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From Old French digressiun or disgressiun, from Latin digressio, from digressus + -io (forming abstract nouns from verbs), the past passive participle of digredi (to step away, to digress), from dis- + gradi (to step, walk, go).


  • (UK) IPA(key): /dʌɪˈɡɹɛʃən/, /dɪˈɡɹɛʃən/
  • (file)
  • (US) IPA(key): /daɪˈɡɹɛʃən/


digression (countable and uncountable, plural digressions)

  1. An aside, an act of straying from the main subject in speech or writing.
    The lectures included lengthy digressions on topics ranging from the professor's dog to the meaning of life.
    • c. 1374, Geoffrey Chaucer, Troilus & Criseyde, i, l. 87:
      It were a long disgression
      Fro my matere.
    • 2022 November 21, Barney Ronay, “Iran’s brave and powerful gesture is a small wonder from a World Cup of woe”, in The Guardian[1]:
      History tells us stodgy, cautious stuff, cardigan-football is the way to go here. The 1966 World Cup kicked off with 0-0 draw against Uruguay so tedious the Guardian match report contains a whimsical digression on the writer’s urge to drift off to sleep in the second half.
  2. (generally uncountable) The act of straying from the main subject in speech or writing, (rhetoric) particularly for rhetorical effect.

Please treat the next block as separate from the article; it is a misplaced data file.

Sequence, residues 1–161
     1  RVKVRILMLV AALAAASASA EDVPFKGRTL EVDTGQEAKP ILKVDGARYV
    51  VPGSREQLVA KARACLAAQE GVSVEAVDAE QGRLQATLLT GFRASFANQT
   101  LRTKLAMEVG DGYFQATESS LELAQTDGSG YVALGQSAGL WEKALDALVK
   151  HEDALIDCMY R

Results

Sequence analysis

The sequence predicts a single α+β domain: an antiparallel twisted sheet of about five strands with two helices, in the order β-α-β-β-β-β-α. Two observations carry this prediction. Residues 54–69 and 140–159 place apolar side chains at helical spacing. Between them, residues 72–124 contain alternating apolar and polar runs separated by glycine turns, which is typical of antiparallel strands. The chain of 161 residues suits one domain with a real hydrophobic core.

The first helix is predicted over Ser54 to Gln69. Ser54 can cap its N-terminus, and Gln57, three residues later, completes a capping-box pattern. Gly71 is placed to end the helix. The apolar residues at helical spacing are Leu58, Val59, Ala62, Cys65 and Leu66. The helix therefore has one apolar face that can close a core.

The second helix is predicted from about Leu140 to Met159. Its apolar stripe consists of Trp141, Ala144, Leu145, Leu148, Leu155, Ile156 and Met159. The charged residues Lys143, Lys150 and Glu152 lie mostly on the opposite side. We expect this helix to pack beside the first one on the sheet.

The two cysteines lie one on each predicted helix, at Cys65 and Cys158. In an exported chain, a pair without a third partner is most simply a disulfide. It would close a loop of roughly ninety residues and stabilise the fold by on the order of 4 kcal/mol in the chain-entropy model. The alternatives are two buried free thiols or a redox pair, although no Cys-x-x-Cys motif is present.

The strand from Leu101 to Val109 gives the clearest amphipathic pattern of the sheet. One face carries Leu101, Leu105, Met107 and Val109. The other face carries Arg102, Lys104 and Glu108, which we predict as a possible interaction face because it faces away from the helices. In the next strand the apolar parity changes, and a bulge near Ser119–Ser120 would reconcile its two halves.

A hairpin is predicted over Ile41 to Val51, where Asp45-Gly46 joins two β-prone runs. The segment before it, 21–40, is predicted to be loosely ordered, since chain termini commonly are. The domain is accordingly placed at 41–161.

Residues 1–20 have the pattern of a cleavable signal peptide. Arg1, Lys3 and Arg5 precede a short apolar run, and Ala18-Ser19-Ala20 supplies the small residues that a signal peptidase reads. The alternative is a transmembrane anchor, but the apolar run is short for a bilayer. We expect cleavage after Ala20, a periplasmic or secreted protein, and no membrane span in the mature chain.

make digression... by way of digression...
  3. (obsolete) A deviancy, a sin or error, an act of straying from the path of righteousness or a general rule.
    • 1517, Stephen Hawes, Pastime of Pleasure, i, ll. 12 ff.:
      More stronger hadde her operacyon
      Than she hath nowe in her dygressyon.
  4. (now rare) A deviation, an act of straying from a path.
    • 1670, Charles Cotton translating Guillaume Girard as History of the Life of the Duke of Espernon, Bk. i, Ch. iv, p. 144:
      By this little digression into Gascony, the Duke had an opportunity... to re-inforce himself with some particular Servants of his.
  5. (astronomy, physics) An elongation, a deflection or deviation from a mean position or expected path.
    • 1646, Thomas Browne, Pseudodoxia Epidemica, Bk. VI, Ch. iv, p. 288:
      This digression [of the Sun] is not equall, but neare the Æquinoxiall intersections, it is right and greater, near the Solstices, more oblique and lesser.


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From Latin dīgressiō.


  • IPA(key): /di.ɡʁɛ.sjɔ̃/, /di.ɡʁe.sjɔ̃/
  • (file)


digression f (plural digressions)

  1. digression

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